Health & Safety in the workplace protects both employees and employers. As an employer, you are duty bound to provide a safe place for people to work. As an employee, you need to know that your place of work is not likely to cause you harm. You have Health & Safety responsibilities too and
Legal Requirements for Health & Safety in the Workplace
Since 1974, there has been a law in place to protect employees and it’s important that employers understand their obligations. Although The Health & Safety at Work Act 1974 is lengthy, it is comprehensive and easy to follow. It is also flexible enough to be applied to any size organisation. Size of company is no excuse for unsafe work practices.
How Does The Health & Safety at Work Act 1974 Safeguard Employees?
The Act applies to all employers, no matter how many employees they have or what your line of business is. A building contractor has the same duty of care as a firm of solicitors. As an employer, you are responsible for the protection of all your employees as well as any members of the public, including visitors, who might be affected by their work.
Employers must tell employees about any matters affecting their wellbeing. They must also tell employees about their own Health & Safety responsibilities – it’s not reasonable for an employee to expect their employer to be accountable for every single action they undertake in the workplace. Each employee needs to take reasonable care to make sure they, their fellow workers and any members of the public remain safe.
Some Key Takeaways From the Act
The Health & Safety at Work Act 1974 introduced the concept of criminal liability – prior to then, employers weren’t held criminally liable for accidents in the workplace.
The onus of proof is on the employer to prove they weren’t negligent and that reasonable care had been taken to avoid an accident.
The Health & Safety Inspectorate can enter a place of employment at any time to carry out a Health & Safety inspection and, if required, serve notice that practices are found to be dangerous.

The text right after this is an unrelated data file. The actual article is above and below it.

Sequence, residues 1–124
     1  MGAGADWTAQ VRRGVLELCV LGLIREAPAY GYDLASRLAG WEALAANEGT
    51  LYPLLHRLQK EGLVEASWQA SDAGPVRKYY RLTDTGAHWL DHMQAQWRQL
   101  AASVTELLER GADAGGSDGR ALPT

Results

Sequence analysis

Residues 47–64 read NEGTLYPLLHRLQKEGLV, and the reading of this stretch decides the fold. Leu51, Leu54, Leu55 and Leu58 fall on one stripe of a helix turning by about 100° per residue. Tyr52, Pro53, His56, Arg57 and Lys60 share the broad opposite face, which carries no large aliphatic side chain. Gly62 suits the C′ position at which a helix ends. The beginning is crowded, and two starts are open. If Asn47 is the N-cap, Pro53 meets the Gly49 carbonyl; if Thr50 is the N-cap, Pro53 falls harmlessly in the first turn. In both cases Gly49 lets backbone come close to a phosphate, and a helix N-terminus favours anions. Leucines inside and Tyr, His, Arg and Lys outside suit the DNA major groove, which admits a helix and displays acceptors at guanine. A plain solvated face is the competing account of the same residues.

The duties that fall on employers include taking reasonable care to make the workplace safe and healthy, keep dust and noise fumes under control and check staff are trained in the use of equipment. You can read the full Act here.
What Happens if Employers Don’t Meet Health & Safety Regulations?
Should an accident occur in the workplace, and the employer is found liable, they will at the very least be fined and a criminal prosecution may also follow, depending the severity of the injury caused. In 2019, the ten highest Health & Safety fines for UK companies totalled £16.9 million plus costs. And there were almost 400 prosecutions in 2018/19, resulting in an average fine of £15,000 per conviction. Could your business afford either the fine or the negative publicity? Some Health & Safety breaches result in loss of life or life changing injuries, hence the large numbers.
It is not acceptable for any employer to expect their employees to work in an unsafe environment. Or to be exposed to conditions which may lead to debilitating injuries and illnesses. The good news is that Maltby Professional Services can help you implement Health & Safety procedures for you and your employees. We are experts in the Health & Safety industry. Take a look at what we offer or call or email to discuss your needs. We are here for you!